Child-Care Satisfaction is a measure of a mother's satisfaction with child-care arrangements, covering caregiver communication, dependability, attentiveness, and cost.
Geographies Tested: United States of America
Populations Included: Female
Age Range: Adults
1. The caregiver responsiveness to your suggestions about your child.
2. The feedback provided by the caregiver about your child's day.
3. The caregiver's disciplinary style.
4. The relationship between you and your child's caregiver.
5. Your caregiver's attitude toward parental visitation.
6. The way your caregiver deals with meals snacks.
7. The attitude of your caregiver toward
flexibility of drop-off and pick-up times.
8. The caregiver's dependability.
9. The relationship between your child and the caregiver.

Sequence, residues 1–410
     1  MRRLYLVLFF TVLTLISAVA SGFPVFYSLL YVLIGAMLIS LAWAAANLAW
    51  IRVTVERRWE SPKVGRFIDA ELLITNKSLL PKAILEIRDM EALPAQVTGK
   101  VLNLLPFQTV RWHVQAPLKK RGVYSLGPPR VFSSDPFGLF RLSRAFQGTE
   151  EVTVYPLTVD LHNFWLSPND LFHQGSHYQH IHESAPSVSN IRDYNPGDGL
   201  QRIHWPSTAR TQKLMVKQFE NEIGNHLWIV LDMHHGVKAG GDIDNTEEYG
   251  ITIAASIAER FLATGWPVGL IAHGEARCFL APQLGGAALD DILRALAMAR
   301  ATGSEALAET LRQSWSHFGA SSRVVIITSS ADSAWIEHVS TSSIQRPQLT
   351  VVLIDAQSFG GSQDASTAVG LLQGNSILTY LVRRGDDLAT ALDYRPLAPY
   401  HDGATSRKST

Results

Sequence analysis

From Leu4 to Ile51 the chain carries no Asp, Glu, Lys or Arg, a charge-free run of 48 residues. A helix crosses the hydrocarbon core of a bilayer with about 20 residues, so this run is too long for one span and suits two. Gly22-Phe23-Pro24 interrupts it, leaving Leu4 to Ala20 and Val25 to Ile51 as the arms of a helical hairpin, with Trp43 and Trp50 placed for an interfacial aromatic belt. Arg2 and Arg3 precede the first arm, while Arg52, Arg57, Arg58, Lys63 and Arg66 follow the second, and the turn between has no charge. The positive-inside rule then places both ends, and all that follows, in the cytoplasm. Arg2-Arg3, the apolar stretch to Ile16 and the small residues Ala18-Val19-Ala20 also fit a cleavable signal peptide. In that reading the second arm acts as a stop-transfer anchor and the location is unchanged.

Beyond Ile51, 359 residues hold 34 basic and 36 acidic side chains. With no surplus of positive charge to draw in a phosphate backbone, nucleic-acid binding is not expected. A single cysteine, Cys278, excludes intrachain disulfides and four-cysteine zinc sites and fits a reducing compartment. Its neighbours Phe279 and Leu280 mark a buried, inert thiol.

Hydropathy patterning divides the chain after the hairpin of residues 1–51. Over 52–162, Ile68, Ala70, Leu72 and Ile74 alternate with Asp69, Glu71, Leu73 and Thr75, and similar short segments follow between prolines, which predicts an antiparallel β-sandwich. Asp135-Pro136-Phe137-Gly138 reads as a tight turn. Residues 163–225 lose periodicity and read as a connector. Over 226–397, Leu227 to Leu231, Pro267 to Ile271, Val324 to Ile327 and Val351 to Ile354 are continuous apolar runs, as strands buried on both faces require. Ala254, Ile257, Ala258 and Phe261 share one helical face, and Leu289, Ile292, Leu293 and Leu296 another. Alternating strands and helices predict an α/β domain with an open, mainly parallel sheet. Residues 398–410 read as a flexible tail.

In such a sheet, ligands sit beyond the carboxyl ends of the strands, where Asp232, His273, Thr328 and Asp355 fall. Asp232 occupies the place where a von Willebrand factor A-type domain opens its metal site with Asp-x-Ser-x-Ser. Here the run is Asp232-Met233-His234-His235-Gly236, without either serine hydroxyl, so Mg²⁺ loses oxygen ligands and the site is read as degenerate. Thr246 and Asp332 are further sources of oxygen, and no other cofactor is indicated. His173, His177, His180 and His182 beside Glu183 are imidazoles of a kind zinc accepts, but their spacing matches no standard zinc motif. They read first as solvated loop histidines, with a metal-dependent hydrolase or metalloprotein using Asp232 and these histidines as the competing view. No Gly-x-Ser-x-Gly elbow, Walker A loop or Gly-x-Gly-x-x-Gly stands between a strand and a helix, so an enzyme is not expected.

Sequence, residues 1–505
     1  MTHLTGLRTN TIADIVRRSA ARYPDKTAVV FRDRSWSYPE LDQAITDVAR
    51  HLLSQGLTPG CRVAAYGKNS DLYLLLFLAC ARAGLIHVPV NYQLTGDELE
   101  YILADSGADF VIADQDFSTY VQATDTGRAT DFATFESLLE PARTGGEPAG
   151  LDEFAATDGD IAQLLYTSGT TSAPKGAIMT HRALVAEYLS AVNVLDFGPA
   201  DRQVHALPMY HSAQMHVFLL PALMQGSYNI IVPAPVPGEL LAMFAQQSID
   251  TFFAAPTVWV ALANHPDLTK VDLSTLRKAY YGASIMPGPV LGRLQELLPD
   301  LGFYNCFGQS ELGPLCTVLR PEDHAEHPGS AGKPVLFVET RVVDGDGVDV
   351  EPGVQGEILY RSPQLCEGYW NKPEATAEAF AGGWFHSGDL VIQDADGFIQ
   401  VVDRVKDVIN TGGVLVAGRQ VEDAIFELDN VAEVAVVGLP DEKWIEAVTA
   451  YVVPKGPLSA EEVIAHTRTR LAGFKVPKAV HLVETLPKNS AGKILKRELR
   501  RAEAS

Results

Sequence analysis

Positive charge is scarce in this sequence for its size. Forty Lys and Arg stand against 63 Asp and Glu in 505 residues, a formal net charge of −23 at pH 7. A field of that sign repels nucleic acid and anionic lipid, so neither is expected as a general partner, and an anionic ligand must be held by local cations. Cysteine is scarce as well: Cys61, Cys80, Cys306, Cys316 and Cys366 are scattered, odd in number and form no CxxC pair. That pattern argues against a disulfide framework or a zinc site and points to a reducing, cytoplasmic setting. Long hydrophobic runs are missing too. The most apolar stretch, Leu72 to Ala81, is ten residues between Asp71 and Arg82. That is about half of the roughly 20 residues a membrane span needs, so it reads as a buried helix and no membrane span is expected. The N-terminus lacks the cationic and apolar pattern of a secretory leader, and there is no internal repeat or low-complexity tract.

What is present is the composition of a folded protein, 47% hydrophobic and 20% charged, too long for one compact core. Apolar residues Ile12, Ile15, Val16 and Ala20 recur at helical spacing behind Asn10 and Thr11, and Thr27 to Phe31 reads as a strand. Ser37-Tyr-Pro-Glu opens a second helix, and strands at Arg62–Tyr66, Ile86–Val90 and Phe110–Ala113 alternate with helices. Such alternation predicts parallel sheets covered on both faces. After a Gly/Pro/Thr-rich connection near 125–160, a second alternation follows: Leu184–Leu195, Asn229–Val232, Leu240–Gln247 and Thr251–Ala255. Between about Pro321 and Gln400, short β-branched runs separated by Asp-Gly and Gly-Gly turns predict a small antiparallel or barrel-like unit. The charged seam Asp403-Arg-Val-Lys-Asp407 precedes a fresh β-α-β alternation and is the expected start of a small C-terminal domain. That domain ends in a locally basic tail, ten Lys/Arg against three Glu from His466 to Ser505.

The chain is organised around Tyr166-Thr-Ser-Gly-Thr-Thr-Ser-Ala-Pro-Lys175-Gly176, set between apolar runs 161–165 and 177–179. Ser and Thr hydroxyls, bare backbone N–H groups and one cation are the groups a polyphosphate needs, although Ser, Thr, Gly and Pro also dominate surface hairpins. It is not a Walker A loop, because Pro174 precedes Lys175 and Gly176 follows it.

10. Your caregiver's policy about taking care of your sick child.
11. The number of other children cared for at
the same time.
12. The amount of direct attentionsupervision given to your child.
13. Physical facilities or space in which your child stays (i.e., cleanliness, safety, adequate size, and appropriate toys).
14. The location of caregiver and amount of
time spent in commuting.
15. The fees charged.
A 5-point Likert scale with responses ranging from 1 (extremely dissatisfied), to 5 (extremely satisfied)
Buffardi, L. C., & Erdwins, C. J. (1997). Child-care satisfaction: Linkages to work attitudes, interrole conflict, and maternal separation anxiety. Journal of Occupational Health Psychology, 2(1), 84-96. https://doi.org/10.1037//1076-89188.8.131.52
Ease of Use Score
Existing Literature/Theoretical Framework
Field Expert Input
Cognitive Interviews / Pilot Testing